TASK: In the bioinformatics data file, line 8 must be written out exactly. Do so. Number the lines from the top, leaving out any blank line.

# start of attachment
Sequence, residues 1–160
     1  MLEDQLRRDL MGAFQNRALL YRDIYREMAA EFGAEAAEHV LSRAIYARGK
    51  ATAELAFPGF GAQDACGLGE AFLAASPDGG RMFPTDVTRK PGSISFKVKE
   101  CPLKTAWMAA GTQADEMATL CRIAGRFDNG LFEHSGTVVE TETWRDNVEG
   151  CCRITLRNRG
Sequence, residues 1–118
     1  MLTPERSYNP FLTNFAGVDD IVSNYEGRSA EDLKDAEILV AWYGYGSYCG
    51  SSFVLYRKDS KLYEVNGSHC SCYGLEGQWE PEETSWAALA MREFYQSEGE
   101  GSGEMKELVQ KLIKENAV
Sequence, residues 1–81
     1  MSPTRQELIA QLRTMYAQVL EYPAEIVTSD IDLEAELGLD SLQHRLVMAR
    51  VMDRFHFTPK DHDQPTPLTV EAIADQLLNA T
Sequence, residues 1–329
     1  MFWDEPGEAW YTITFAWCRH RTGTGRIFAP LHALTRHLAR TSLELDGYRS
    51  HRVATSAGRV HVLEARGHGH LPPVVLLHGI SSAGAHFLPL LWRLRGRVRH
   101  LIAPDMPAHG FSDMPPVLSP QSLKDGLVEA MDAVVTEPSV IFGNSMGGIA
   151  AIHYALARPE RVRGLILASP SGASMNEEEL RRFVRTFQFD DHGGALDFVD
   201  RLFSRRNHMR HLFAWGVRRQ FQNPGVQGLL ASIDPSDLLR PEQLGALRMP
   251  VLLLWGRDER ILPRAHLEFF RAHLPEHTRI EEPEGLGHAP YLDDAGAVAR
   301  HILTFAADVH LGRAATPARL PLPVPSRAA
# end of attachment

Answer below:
    51  SSFVLYRKDS KLYEVNGSHC SCYGLEGQWE PEETSWAALA MREFYQSEGE